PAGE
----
In the town of Southampton - as it was back then -  a school with a unique concept was established more than 60 years ago.

Separated by the actual structure of Glen Eyre School itself, the girls embarked on their educational journey on one side, the boys on the other Situated on Violet Road in Bassett, the schools encompassed a sprawling ten-acre property. These educational institutions marked the sixth and seventh additions to the Southampton Education Committee's ambitious post-war construction initiative.

In 1939, plans were made for the site, but construction was delayed due to the Second World War. The initial budget estimates were surpassed due to the necessary adjustments for the increasing leaving age of 16.

A notable feature is that it became the first four-storey school in Southampton, surpassing the standard three-storey structures.

The construction process took 20 months, and the total cost amounted to approximately £182,000. An additional £18,000 was allocated for the purchase of furniture and equipment.

Daily Echo: Dr Horace King, PC, MP for Southampton, Itchen, Deputy Speaker of the House of Commons was guest of

In the months leading up to the grand opening event, Glen Eyre Boy's School had already commenced its educational journey.

However, it was not until May 15, 1962, that the school's official inauguration took place.

The prestigious opening ceremony was conducted by Sir Reginald Biddle, who graced the occasion with his esteemed presence.

After meeting with several dignitaries, he was invited by the school’s head boy, Peter Noyce, to unveil a commemorative plaque.

Daily Echo: Sir Reginald Biddle, CBE, JP, officially opened Glen Eyre Secondary School for Boy's in Bassett,

Sir Biddle had a special message for the boys: “Always be civil, courteous and cheerful. Remember you carry with you the reputation and prestige of your school.”

Upon officially opening the school, he extended his heartfelt blessings to the headmaster, faculty, students, and their families, wishing them all a prosperous journey ahead.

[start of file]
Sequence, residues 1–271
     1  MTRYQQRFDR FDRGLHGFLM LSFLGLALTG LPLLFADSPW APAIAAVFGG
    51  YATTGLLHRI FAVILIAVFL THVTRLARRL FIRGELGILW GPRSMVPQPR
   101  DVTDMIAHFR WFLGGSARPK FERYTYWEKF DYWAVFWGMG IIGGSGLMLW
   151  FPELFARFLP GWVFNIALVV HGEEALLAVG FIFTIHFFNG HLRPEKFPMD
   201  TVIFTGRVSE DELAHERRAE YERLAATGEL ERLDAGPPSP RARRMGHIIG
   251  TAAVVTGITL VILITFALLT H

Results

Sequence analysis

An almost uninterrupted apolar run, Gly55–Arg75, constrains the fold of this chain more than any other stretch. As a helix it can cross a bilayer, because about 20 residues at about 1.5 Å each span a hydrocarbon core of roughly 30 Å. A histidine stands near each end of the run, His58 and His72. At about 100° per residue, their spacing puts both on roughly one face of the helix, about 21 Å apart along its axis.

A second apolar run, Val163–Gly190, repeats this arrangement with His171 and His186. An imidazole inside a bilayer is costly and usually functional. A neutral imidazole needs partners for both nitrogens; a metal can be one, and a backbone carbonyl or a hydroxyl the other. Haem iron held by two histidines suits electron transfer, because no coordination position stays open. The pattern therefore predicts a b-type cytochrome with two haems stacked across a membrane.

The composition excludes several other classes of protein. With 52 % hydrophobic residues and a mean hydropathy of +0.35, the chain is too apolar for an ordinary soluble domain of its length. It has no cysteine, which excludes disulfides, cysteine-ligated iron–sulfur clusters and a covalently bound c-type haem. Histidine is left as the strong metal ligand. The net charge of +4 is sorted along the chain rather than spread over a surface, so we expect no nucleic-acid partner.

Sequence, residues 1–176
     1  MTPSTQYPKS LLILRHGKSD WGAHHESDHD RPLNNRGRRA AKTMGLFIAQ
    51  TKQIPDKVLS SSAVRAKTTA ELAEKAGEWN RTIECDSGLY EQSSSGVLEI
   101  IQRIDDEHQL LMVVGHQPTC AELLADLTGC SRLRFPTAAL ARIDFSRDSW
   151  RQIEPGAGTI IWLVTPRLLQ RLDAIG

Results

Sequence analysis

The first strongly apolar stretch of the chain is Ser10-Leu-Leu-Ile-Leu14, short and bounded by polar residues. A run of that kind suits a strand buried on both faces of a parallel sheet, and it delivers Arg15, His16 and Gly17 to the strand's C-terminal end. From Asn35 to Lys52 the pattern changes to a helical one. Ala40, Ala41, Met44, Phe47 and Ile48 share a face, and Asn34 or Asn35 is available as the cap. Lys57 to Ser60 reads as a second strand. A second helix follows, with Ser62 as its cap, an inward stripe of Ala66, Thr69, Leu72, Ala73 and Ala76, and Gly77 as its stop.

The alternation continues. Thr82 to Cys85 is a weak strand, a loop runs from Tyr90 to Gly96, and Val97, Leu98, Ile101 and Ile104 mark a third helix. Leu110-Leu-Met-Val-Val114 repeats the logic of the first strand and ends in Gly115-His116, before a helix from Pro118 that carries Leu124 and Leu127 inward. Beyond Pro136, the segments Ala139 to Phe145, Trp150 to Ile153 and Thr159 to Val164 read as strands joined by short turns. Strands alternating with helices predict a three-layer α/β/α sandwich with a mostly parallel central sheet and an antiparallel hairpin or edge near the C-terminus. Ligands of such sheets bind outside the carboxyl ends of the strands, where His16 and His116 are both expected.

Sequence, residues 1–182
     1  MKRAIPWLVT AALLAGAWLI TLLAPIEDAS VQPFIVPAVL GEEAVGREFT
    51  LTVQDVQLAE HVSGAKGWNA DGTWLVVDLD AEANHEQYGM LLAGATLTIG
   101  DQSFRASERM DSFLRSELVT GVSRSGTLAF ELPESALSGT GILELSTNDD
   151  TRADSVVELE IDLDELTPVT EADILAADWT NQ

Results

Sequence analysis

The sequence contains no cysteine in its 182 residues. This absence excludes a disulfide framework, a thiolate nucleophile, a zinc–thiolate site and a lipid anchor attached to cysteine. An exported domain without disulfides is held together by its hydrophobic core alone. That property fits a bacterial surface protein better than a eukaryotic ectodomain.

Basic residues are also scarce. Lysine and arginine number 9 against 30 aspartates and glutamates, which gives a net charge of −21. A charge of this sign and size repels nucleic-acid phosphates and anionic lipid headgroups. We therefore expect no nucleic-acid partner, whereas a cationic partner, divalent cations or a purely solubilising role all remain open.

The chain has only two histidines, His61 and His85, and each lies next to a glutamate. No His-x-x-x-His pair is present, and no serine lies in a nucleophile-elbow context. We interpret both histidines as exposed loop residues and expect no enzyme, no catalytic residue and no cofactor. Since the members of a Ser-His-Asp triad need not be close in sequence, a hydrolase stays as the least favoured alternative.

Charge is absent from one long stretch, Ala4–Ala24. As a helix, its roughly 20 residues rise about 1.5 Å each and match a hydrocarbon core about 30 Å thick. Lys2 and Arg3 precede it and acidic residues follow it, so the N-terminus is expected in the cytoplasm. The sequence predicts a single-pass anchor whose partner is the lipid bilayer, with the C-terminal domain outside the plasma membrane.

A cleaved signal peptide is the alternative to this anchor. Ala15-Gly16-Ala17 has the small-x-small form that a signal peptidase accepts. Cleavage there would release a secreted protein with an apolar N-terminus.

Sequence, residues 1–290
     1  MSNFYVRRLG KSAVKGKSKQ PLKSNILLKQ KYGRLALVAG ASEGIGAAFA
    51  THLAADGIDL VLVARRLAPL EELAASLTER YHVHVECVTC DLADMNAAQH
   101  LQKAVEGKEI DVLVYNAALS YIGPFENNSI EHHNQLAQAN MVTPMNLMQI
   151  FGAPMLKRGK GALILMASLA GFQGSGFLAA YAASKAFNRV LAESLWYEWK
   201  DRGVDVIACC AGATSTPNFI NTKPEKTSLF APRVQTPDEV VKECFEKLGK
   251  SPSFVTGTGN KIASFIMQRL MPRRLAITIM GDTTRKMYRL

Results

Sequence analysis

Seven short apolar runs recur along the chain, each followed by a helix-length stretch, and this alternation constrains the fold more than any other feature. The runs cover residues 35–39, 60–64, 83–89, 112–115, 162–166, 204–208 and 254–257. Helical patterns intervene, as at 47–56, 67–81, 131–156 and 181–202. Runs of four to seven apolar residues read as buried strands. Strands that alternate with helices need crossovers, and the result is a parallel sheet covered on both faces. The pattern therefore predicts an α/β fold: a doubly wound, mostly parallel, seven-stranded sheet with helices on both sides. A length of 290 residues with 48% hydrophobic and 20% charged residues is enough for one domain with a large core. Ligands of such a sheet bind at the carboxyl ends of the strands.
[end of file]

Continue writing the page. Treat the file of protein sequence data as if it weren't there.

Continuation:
A week passed when Elsie Sandell, a respected historian in the town, took the honour of inaugurating the new girls' school.

The atmosphere was reminiscent of the recent opening of the boys' school, with dignitaries in attendance.

Daily Echo: Heritage. Glen Eyre Schools girls choir

Barbara Hunt, the head girl, introduced Mrs Sandell and then invited her to unveil a commemorative plaque.

 Following the events, she proceeded to address the crowd, sharing the captivating story of Glen Eyre's rich local heritage and the pioneering establishment of Southampton's first girls' school two centuries prior. Situated at 79 High Street, the boarding school catered exclusively to young ladies.

Encouraging a strong sense of loyalty within the school community, Mrs Sandell emphasized the importance of considering the needs of others. This included showing support not only for the teachers but also for fellow students.

Daily Echo: Heritage. Glen Eyre Schools boys dinner

With the dawn of a new era in 1967, a transformative fusion occurred between the two distinct educational institutions. The amalgamation birthed a harmonious bastion of knowledge that embraced coeducational principles.

Today Cantell Secondary School occupies the site and is an amalgamation of both Glen Eyre Secondary School and the once nearby Hampton Park Secondary School. The merger took place in 1986 and saw places available for 1,200 pupils from around the local area.